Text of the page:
The next paragraph considers two applications of duration in risk management: Hedging and immunization for a portfolio and Duration Gap Analysis.
The change in an asset price due to change in interest rates can be calculated by:
Fooladi (2000) describes that the realized rate of return encompass interest accumulated from reinvestment of coupon income and the capital gain or loss at the end of the planning period when the portfolio is sold. The two components impact the realized rate of return in opposite directions. Hence, in one point the two opposite effects of coupon reinvestment and capital gain or loss offset one another. When the portfolio duration equals the length of the planning period, the portfolio is immunized and the realized return will not fall below the promised rate of return.
The second described application is Duration Gap Analysis which is an extension to the immunization approach, because it includes liabilities. A main function of banks is to provide maturity transformation. Hence, banks usually have short-term liabilities and long-term assets. As a consequence of this duration mismatch and shown by the third following equation, changes in interest rates have a direct effect on the banks’ equity value. The gap between the durations of the assets and liabilities ( is a measure of the interest rate risk of banks’ equity.
Fooladi (2000) describes that banks may take modest bets by setting a duration gap or set the duration gap close to zero. The second equation shows how banks can adjust their duration gap by shifting weights on assets or liabilities. Bierwag and Fooladi (2006) specify that banks use off-balance-sheet securities like interest rate futures, options and swaps to reduce adjustment time and to save costs.
Despite the shown strengths, there are weaknesses in duration analysis. As one can see in Figure 16.3, Duration is only valid for small changes, because the relationship between duration and price changes is derived by a first-order Taylor series approximation.
Furthermore, Mishkin/Eakins (2006) criticise that interest rate changes have to affect all rates of maturities by exactly the same amount. Generally speaking, the slope of the yield shouldn’t be affected at all and the yield curve is assumed to be flat. However, the shape of the yield curve fluctuates over the business cycle and consequently this expected slope change has to be considered. The mentioned “partial duration” and “spread duration” try to handle this shortcoming.
Further problems involve uncertainty over the proportion of assets and liabilities. Estimates have to consider for example prepayment of loans, customer shifts out of deposits and uncertain cash payments due to default risk according to Fooladi and Roberts (2004). As Bierwag and Kaufman (1988) showed, default alters bond’s cash flows and their timing.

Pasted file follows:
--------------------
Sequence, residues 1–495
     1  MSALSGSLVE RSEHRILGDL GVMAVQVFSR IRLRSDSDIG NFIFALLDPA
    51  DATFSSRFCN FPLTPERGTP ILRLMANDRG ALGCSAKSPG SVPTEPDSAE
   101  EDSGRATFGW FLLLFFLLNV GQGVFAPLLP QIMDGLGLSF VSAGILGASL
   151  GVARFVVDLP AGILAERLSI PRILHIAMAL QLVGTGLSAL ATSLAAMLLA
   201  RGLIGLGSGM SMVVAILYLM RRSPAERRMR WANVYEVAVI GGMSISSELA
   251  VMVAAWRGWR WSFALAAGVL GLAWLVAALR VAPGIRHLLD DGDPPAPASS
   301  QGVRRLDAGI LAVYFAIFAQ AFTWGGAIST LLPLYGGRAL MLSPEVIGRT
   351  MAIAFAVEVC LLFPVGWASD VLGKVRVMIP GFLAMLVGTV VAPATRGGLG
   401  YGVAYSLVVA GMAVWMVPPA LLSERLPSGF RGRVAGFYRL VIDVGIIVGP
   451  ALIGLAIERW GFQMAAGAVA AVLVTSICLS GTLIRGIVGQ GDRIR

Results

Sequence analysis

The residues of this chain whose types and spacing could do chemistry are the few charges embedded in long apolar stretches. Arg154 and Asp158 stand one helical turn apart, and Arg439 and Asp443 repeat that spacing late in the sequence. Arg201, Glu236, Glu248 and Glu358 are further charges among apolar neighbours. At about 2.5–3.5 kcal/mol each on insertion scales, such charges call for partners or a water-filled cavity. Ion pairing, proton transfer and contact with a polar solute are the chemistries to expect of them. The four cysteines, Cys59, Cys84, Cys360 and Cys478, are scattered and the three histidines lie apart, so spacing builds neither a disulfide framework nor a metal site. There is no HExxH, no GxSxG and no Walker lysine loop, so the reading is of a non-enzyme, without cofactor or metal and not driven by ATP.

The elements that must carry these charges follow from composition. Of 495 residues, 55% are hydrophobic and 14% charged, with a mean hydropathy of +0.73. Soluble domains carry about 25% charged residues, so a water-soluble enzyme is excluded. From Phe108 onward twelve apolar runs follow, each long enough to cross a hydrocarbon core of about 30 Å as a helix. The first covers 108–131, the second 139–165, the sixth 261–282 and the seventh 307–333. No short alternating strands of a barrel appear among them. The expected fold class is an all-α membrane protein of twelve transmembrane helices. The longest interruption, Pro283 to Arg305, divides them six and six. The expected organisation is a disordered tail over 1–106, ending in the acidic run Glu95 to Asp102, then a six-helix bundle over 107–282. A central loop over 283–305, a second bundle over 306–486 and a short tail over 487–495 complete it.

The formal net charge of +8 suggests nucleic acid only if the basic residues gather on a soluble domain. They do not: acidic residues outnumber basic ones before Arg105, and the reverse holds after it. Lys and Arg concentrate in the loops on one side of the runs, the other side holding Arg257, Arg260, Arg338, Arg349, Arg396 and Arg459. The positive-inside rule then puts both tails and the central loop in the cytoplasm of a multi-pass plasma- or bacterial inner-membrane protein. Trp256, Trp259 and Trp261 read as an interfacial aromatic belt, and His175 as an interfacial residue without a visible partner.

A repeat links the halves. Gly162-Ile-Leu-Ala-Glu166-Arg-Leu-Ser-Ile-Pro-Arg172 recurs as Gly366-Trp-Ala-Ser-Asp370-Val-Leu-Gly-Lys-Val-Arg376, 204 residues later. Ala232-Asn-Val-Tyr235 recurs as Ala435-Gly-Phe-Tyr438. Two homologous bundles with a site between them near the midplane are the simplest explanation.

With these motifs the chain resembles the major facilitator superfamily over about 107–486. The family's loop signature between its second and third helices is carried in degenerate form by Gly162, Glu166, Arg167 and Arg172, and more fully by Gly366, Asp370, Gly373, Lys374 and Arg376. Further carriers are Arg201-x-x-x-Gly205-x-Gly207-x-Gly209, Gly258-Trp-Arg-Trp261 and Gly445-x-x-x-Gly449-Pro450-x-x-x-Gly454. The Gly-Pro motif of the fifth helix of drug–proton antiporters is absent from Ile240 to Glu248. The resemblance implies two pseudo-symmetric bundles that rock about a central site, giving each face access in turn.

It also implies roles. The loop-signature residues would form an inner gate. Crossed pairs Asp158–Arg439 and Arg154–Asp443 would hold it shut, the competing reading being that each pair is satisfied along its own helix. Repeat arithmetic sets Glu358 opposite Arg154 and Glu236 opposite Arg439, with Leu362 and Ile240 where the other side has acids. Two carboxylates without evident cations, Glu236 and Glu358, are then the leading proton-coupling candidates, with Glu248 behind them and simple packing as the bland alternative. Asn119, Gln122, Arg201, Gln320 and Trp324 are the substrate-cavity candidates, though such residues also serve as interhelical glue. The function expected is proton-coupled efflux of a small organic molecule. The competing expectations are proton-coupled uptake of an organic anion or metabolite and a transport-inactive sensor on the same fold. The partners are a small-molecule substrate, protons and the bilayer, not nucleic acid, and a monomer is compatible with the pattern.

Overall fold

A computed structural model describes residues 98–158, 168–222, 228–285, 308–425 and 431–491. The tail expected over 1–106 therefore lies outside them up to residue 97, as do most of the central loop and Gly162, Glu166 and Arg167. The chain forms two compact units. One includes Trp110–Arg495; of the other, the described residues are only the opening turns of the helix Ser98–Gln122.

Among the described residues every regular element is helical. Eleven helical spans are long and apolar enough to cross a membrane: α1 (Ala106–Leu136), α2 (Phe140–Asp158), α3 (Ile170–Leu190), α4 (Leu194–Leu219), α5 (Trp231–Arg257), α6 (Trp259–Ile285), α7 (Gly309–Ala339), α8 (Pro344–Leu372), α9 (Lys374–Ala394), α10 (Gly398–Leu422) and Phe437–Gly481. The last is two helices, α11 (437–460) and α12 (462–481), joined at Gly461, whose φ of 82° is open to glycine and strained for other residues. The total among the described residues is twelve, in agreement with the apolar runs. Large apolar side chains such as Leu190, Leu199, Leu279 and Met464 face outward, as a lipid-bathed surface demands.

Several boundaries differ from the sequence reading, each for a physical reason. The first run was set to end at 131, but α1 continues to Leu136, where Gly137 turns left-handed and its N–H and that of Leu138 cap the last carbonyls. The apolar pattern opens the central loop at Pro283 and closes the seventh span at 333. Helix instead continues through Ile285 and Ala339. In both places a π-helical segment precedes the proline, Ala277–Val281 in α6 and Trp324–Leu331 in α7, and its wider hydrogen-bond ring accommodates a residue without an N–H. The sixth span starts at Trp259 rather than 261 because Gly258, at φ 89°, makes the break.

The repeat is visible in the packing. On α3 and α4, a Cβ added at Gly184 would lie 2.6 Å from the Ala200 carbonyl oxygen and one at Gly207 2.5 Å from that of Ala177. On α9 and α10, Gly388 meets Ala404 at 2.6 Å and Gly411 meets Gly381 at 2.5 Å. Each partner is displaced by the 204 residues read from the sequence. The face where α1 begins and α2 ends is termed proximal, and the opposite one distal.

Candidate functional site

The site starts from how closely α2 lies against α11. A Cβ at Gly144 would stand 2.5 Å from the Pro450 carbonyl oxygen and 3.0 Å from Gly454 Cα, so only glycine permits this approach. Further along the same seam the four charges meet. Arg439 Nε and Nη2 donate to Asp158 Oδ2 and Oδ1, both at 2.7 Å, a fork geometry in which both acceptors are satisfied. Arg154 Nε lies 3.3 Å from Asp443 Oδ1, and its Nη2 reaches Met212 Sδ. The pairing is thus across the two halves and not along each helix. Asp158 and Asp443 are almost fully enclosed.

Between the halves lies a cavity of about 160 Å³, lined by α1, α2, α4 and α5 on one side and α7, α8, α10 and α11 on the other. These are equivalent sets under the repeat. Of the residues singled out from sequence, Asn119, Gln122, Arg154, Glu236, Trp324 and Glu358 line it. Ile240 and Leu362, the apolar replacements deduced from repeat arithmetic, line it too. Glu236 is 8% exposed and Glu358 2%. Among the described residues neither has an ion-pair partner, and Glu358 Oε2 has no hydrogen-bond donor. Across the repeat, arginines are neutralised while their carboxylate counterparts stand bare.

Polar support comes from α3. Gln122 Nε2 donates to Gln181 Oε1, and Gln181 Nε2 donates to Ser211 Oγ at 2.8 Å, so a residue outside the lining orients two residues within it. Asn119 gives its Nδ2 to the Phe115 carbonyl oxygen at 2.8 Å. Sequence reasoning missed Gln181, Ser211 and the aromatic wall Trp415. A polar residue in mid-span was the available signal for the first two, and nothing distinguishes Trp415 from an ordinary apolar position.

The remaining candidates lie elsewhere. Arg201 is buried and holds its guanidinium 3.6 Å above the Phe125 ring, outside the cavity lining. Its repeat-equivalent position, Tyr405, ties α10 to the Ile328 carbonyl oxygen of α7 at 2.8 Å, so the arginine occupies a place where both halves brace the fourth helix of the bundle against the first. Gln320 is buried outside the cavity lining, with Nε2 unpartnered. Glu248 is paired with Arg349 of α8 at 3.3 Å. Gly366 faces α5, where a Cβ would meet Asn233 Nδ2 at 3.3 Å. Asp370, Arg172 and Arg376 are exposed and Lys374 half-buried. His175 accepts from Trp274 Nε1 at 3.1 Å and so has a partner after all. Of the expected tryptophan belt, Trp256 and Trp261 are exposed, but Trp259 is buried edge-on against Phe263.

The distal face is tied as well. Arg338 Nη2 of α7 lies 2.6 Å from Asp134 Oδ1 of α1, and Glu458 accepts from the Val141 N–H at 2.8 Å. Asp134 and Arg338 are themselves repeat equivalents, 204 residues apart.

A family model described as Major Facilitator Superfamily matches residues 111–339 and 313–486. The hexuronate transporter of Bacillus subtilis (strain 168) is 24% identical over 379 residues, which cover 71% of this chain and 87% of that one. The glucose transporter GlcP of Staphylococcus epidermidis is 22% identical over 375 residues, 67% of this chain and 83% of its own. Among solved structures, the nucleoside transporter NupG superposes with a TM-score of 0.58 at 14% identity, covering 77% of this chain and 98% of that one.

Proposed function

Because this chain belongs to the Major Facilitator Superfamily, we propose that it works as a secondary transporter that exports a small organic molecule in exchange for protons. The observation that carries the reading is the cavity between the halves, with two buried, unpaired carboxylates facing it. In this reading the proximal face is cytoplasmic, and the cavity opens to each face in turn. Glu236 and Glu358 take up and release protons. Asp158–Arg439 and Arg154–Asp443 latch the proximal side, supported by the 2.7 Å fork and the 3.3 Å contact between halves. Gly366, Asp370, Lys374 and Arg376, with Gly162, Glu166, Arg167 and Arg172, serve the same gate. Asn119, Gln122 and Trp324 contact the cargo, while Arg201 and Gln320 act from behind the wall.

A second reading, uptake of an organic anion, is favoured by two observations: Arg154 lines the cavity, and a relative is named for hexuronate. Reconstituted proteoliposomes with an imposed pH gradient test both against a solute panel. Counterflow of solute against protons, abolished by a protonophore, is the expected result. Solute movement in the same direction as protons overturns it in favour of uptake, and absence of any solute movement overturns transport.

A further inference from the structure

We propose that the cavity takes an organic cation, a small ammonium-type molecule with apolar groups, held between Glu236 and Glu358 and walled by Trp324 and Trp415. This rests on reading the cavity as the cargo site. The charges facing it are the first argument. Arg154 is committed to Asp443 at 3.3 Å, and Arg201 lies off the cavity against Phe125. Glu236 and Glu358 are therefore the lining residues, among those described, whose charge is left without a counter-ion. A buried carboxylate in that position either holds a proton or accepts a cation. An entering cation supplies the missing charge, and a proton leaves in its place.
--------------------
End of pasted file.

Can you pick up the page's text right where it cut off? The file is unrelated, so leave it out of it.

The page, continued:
Additionally, one has to predict the stochastic process governing interest rate movements to value options. This can create a stochastic process risk which can be quantified by approaches to to measure interest rate volatility risk. Ho (2007) states that practitioners tie duration and vega measures which specify the sensitivities to the shift in the swap curve and the volatility surface, respectively. In his approach volatility risk is measured by the value sensitivity of an option to the change in the implied volatility function at the key rate points on the curve.
Ingersoll, Skelton, and Weil (1978) argue that the assumed stochastic process to develop duration models is inconsistent with equilibrium conditions. Occurring large shocks to interest rates, riskless arbitrage became possible, but on the practical side the riskless-arbitrage argument seemed hypothetical. To overcome these weaknesses, Mishkin and Eakins (2006) mentions more sophisticated approaches such as scenario analysis and value-at-risk analysis and convexity which is a second-order Taylor series approximation and can be used as a correction measure. Paroush and Prisman (1997) strengthen this assumption and show that convexity (second-order) can be more important than the duration (first order).
To put it in a nutshell, with increasing complexity of securities, myriad extensions have been added to the former duration analysis founded by Macaulay to handle the occurring risks. Furthermore, different duration measures face different assumptions about slope and shape of the yield curve or the stochastic process driving interest rates. One has to take in mind how accurate these assumptions are, because as seen in the recent financial crisis failures affect the entire economy, according to my starting statement. However, duration analysis is an adaptable framework and used carefully, a tool to get a first impression of interest-rate risk.